The top mentor at the nation’s top children’s hospital—clinical education doesn’t get any better

She was so close to her achieving her dream.

Cidney Moscovitch had been admitted to Northeastern’s Physican Assistant program with the condition that she meet the required clinical hours. While reviewing the program’s “prerequisites” page, she came across the university’s one-year graduate certificate in Exercise Science for Clinicians. It was the perfect opportunity.

Exercise science student Cidney Moscovitch (right) with her mentor at Boston Children’s Hospital, Tracy Curran. Photo by Bill Ibelle

“I could have just gotten a job for a year, but Northeastern’s program gives you access to the best clinical placements in the country while also exposing you to the rigor of graduate-level coursework,” she said. “While I was taking a course on EKGs, I was able to apply what I learned to real patients at my placement.”

That placement was Boston Children’s Hospital, which is ranked as the #1 pediatric hospital in the nation.  Moscovitch earned this prestigious placement based on her academic performance and a rigorous interview process. When she began work at Children’s, her mentor was Tracy Curran, the hospital’s senior exercise physiologist.

“I’ve worked alongside Tracy since I began here,” said Moscovitch. “She walked me through every step of the way so that I could perform an entire cardiopulmonary exercise test (CPET) independently. But she also believes that at some point, it has to be sink or swim—you have to do it on your own. Her approach really built up my confidence.”

Supervised by experts

Since graduating from Northeastern’s exercise science program in 1997, Curran has risen to a senior position in the Heart Center at Boston Children’s Hospital. She co-developed the center’s first Cardiac Fitness Program and recently earned her PhD in Health Professions Education. She also developed and directs the Exercise Physiology Internship Program and has trained more than 50 Northeastern students since launching the program.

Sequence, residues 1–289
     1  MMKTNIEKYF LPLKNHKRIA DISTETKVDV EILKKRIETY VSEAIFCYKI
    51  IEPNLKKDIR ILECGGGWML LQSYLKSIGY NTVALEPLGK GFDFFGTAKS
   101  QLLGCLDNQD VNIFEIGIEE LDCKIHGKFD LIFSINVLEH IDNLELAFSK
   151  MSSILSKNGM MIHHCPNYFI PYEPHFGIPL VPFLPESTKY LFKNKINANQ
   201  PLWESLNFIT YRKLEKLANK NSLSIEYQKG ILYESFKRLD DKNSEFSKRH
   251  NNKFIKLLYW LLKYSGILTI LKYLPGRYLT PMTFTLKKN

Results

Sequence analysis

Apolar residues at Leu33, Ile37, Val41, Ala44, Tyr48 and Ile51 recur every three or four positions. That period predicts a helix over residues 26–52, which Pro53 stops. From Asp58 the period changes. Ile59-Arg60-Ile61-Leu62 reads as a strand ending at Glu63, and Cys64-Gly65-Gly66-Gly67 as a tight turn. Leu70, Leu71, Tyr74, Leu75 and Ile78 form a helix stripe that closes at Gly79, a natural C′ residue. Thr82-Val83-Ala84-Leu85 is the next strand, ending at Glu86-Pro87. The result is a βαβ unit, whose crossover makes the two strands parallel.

One of her proudest achievements has been the creation of the nation’s first cardiac rehabilitation curriculum for children with congenital heart disease.

“There are only six identified programs for children in the country, and we are unique because we are also focusing on mental fitness,” said Curran. “Our message is, ‘You can do it; you can achieve anything you set your mind to.’ We’re not just training the body, we’re also training the mind.”

Just a decade ago, the medical community still believed that for children with congenital heart disease, rigorous exercise was too dangerous. But in 2005 and 2006, Curran co-authored two studies, published in the journal Pediatrics, the challenged the prevailing wisdom.

“We believe that many of these children are often inappropriately considered to be excessively fragile and may be unduly restricted from participation in physical activities,” said the authors of the 2005 study. That study established that a carefully designed exercise program produced dramatic improvements in the vast majority of children with congenital heart disease.

The next year, Curran and her colleagues retested the participants and found that these improvements were not only dramatic, they were also enduring. In addition, the 2006 study demonstrated that the exercise program also produced “sustained and significant improvements in behavior, self-esteem, and emotional state.”

Based on those findings, Curran help launched a pilot project in 2016, that is now being honed into a permanent program for children and their parents.

“We’re now in our second year and our referrals continue to grow. We’re getting calls from all over the U.S.,” she said.

Evolving ambitions

Moscovitch’s interest in medicine came from her experience as a soccer star. She was a four-year starter and a three-year captain for her high school team in Coral Springs, Florida, and scored the opening goal for the Brandeis University team during its 2014 run in the NCAA tournament.

But success came with serious setbacks. She blew out her ACL twice—once in high school and the second time at the height of her college athletic glory.

“The experience was eye-opening,” she said. “I saw how the medical professionals treated patients and I knew that I wanted to help people in the same way they were helping me.”

As an undergraduate, she planned to go to medical school, but shifted her ambitions to physician assistant when she realized that doctors often get locked into a narrow specialty, which would prevent her from pursuing her diverse healthcare interests.

Her ambitions took another turn during the exercise science program.

“This program has made me more interested in exercise science because it’s allowed me to recognize the effects of exercise on patient health,” she said. “I haven’t decided exactly which field I want to specialize in. During the second year of the PA program, I intend to do several clinical rotations to gain plenty of experience. This will help me choose my future calling in the medical world.”

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